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Jepps Trivia

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Well-known member
Nov 26, 2001
A while back on the old board, the question was raised about the naming of approach procedures and the significance of letters following the navaid in procedure titles (i.e. VOR-A, ILS-Y). I searched long and hard for the answers, but found nothing specific. Also, I don't recall any valid answers being posted.

In the November Pro Pilot, I came across a Q&A that addresses the question. The ILS Y Rwy 19 plate at KVPS is shown, and the following question (among others) is printed:

"The 'Y' in the procedure identification signifies_____

a. this is a military approach
b. FMS-equipped aircraft can execute this approach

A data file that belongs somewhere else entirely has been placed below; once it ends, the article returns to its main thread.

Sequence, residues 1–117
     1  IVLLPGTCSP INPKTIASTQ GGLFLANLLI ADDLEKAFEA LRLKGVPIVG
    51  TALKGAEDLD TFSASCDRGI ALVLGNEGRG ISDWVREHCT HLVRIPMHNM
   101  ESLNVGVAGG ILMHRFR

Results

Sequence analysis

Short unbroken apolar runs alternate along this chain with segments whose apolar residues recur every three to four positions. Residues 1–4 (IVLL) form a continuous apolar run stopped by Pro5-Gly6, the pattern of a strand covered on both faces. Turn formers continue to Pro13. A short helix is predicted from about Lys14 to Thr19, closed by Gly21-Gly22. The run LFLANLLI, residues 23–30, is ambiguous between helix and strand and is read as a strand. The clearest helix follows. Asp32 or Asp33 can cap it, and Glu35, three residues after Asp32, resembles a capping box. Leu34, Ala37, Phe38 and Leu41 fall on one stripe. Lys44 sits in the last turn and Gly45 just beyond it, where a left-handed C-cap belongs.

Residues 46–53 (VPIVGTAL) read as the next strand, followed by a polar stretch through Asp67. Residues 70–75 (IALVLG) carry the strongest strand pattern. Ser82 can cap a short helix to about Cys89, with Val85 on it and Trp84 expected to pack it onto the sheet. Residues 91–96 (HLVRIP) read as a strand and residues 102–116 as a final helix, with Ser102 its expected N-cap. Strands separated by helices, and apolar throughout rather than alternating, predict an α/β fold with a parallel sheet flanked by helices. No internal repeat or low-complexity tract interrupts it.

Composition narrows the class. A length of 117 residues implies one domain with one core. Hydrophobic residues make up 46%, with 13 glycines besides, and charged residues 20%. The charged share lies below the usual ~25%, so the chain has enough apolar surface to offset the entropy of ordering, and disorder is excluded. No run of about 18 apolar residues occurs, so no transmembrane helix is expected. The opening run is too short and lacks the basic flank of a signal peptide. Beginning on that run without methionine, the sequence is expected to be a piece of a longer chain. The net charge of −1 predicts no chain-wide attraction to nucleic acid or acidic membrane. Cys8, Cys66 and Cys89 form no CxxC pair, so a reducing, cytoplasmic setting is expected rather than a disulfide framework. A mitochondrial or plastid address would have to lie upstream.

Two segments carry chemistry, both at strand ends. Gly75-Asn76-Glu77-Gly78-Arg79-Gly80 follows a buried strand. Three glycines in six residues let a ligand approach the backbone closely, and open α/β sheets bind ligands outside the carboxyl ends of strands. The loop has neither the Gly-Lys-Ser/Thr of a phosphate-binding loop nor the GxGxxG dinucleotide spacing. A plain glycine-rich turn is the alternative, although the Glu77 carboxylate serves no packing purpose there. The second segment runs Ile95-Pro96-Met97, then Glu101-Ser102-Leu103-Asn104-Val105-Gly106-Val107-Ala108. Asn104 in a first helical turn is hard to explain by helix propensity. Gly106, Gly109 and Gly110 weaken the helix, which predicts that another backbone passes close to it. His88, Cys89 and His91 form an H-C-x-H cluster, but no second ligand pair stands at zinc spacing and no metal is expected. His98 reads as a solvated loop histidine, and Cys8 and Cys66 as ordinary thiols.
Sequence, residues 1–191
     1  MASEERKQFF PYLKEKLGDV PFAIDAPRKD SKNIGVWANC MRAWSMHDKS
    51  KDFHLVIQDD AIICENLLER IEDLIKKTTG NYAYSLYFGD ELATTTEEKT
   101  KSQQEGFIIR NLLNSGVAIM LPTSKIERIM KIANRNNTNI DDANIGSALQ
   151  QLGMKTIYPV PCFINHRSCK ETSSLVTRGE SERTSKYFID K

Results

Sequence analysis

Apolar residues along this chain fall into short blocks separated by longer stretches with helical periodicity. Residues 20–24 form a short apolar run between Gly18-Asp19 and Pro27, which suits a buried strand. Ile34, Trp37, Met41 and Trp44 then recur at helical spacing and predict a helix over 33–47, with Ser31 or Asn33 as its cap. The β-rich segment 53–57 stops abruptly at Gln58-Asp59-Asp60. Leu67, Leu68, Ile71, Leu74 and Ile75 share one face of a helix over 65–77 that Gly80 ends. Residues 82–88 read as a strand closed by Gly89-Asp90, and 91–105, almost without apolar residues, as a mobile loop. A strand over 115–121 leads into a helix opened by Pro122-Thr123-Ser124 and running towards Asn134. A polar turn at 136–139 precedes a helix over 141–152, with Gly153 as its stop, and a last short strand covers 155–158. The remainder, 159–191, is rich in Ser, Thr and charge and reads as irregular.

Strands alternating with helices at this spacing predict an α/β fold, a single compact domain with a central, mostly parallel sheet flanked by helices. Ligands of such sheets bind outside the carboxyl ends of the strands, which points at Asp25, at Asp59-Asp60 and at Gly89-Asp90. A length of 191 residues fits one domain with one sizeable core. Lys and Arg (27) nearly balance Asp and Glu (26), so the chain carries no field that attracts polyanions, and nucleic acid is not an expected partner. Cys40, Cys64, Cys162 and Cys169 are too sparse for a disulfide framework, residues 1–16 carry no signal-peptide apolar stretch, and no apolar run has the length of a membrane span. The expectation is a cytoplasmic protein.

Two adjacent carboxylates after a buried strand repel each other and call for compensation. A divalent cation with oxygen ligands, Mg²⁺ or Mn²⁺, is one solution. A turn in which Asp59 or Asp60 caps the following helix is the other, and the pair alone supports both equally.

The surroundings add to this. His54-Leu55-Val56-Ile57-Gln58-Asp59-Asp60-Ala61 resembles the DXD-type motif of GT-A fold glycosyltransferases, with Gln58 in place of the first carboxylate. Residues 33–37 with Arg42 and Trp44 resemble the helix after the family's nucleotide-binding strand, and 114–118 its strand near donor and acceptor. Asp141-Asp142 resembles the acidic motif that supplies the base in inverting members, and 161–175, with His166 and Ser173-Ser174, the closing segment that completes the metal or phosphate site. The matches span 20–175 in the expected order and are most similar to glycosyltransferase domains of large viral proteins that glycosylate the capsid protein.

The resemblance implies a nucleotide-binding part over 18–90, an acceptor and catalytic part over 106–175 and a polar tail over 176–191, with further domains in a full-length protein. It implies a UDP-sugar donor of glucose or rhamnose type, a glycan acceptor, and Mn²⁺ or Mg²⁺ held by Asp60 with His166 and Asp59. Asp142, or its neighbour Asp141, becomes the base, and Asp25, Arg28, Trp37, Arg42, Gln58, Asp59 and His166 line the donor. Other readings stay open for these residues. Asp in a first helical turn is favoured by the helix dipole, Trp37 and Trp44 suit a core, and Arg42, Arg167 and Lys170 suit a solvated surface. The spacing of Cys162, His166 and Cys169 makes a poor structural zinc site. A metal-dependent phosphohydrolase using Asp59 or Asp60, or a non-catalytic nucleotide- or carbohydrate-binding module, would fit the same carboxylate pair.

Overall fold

c. there are at least 2 ILS approaches to Runway 19
d. all of the above

anyone want to take a stab at the answer with an explanation before I post it? No peeking at the mag!
The answer would be C, there are 2 ILS approaches to RWY19. Similar to the VOR-A etc, letters of the alphabet are used but start at the end of the alphabet so the precision approaches are not confused with the non-precision ones, ie, ILS Z RWY 19 would be first. Since they are both precision approaches, they probably require different equipment to execute like an ADF or TACAN.



Here is the printed answer:

(c) In fact there are 2 ILS approaches to Rwy 19 using the letters 'Y' and 'Z' in the procedure identification. However, the ILS Z Rwy 19 is not published by Jeppessen because it requires TACAN, while the 'Y' procedure does not. The naming policy is to use a letter proceeding backward from the end of the alphabet. This prevents confusion with procedure identifications for approaches with circle-only minimums such as VOR-A, -B, etc.
Good gouge, but can anyone find where this is stipulated. other than the magazine article? Just one of those pilot things, I gotta know.

This is one of the many reasons that EVERYONE should contribute to this board. Great stuff!!!!

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